Album Reviews

Staind – Chapter V

(WEA) UK release date: 8 August 2005

Remember nu-metal? Come on, it was only a few years ago. Long before a hoodie became the epitome of anti-social behaviour, it was the uniform of Limp Bizkit fans, who were for a short time, one of the biggest bands in the world.

Fred Durst’s star has fallen somewhat from his heady days in the late ’90s, but his influence is still written large. Staind owe their career to Durst, as he was an early champion of the band and was responsible for introducing them to their record label boss.

The rest, as they say, is history, and albums such as Break The Cycle and Dysfunction have found a huge audience in the States. With the exception of the massive It’s Been A While single, they’re rather less well known in Britain.

So will Chapter V see them develop and gain any new fans? The answer is, sadly, a resounding no. From the opening guitar riff of Run Away, it’s plain what we’re going to get here – an hour or so of unrelentingly grim, self-pitying, depressing rock.

It’s understood that a Staind album is never going to be full of positive, life-affirming statements, but some of these lyrics are risible. “I’m dead inside, why don’t I care” complains lead singer Aaron Lewis, and it’s impossible not to agree with him.

Tracks such as Devil, Cross To Bear and Please continue this self-pitying mood, with Schizophrenic Conversations almost becoming a self-parody. “I’ll show you how it feels to be fucked up like me” promises Lewis over a backing that’s presumably meant to sound melodic and tender but just comes across as being a dirge.

Paper Jesus sees Lewis turning away from his personal troubles to focus on world affairs – blaming corporations for exploiting people’s fear. Again, the lyrics are dire, but the song is listenable mainly thanks to the furious change of pace which sees some fearsome guitar licks reminiscent of Metallica at their most mighty.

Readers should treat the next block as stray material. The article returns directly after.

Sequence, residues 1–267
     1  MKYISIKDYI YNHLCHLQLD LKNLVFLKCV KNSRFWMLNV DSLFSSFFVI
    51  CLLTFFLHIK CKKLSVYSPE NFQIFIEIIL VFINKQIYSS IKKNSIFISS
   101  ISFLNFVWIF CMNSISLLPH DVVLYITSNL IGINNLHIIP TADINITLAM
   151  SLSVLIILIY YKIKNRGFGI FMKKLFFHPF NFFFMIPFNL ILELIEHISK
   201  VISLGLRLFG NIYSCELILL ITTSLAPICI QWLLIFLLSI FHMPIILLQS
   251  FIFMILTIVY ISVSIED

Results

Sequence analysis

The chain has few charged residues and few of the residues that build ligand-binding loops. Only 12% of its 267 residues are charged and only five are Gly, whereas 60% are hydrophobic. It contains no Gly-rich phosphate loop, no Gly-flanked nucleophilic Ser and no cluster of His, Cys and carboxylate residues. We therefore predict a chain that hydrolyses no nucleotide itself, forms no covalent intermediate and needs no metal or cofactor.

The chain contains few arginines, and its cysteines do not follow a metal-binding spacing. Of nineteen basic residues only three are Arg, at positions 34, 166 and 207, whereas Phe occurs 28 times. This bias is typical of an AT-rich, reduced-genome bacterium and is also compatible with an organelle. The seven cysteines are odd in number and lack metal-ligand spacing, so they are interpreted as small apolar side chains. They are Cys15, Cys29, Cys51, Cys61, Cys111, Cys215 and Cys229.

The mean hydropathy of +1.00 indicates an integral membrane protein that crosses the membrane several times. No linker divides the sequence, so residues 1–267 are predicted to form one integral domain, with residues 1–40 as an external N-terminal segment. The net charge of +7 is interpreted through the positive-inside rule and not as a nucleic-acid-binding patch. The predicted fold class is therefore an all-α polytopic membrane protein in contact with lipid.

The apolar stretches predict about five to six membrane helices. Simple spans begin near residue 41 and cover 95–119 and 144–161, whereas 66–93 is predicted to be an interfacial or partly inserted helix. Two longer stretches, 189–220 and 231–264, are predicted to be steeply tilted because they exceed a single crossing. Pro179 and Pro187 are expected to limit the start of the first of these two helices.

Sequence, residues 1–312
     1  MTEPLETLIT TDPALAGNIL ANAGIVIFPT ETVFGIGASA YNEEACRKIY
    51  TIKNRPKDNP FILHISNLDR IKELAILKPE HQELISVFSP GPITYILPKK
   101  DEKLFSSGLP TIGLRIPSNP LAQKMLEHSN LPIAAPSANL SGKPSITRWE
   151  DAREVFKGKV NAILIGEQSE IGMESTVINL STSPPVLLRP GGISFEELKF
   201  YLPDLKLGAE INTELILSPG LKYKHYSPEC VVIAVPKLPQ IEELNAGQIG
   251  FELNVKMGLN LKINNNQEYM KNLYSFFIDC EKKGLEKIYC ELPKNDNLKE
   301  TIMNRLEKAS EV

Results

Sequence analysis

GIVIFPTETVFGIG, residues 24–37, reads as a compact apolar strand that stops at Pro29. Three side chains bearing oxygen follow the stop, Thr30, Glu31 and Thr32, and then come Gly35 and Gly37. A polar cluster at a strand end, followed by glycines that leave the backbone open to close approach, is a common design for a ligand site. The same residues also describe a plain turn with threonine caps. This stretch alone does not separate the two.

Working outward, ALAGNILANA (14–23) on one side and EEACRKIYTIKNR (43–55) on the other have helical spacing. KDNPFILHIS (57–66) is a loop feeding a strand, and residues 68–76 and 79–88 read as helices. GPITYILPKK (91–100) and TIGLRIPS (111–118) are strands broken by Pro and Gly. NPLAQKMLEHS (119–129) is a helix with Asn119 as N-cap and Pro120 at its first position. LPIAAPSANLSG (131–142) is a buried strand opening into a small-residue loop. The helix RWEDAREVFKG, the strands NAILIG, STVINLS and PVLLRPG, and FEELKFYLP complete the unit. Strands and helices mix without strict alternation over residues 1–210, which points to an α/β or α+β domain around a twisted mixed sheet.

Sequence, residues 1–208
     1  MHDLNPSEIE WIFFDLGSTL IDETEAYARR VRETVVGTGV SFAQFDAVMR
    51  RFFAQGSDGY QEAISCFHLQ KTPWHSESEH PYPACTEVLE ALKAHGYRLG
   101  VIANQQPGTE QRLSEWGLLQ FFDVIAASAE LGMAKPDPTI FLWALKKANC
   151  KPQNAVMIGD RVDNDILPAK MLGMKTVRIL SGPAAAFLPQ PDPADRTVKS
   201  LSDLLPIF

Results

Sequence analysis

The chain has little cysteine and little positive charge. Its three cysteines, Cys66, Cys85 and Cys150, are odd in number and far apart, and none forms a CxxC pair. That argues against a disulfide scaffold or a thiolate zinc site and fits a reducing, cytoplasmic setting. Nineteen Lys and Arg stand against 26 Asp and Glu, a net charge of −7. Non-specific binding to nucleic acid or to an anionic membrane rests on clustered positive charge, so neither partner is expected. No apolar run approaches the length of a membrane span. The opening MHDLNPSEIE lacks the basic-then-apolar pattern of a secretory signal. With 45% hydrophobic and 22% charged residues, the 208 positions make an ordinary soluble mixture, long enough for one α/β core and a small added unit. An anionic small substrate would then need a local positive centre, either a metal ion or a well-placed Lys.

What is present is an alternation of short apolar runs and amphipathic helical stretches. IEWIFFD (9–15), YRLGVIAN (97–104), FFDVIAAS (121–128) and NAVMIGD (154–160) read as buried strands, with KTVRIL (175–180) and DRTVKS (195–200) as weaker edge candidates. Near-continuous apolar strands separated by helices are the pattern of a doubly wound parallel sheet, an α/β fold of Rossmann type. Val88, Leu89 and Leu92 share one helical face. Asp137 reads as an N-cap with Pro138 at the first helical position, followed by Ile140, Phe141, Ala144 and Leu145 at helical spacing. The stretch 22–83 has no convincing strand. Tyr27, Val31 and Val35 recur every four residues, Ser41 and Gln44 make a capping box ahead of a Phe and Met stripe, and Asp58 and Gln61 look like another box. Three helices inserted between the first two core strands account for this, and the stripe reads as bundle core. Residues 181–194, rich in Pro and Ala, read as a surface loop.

Yet Paper Jesus provides one of the few exciting moments on Chapter V. Elsewhere, it’s song after song of homogeneous, angst-ridden stuff. Lewis does have a decent voice but by the time Please rolls around you’re getting utterly sick of his whining. “I’m still wearing this miserable skin” he complains – is there no end to the torture of a multi-millionaire rock star?

Everything Changes at least tries to move away from the groaning, depressive rock, being a decent power ballad that will no doubt get those cigarette lighters going in stadia around the United States. It’s one of the few songs that sticks in the mind long after the album finishes.

Yet overall there’s just too much bland corporate sludge rock here to make any geniune lasting impression. Pearl Jam were doing this kind of stuff over a decade ago, but at least they did it with a modicum of style and talent. In 2005, apart from Staind’s hardcore fans, it’s difficult to imagine anyone shelling out for this dreary record. As the man himself says in Please: “can’t you see that I’m sick of this?”. You and me both, mate.

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Staind – Chapter V
Staind @ Brixton Academy, London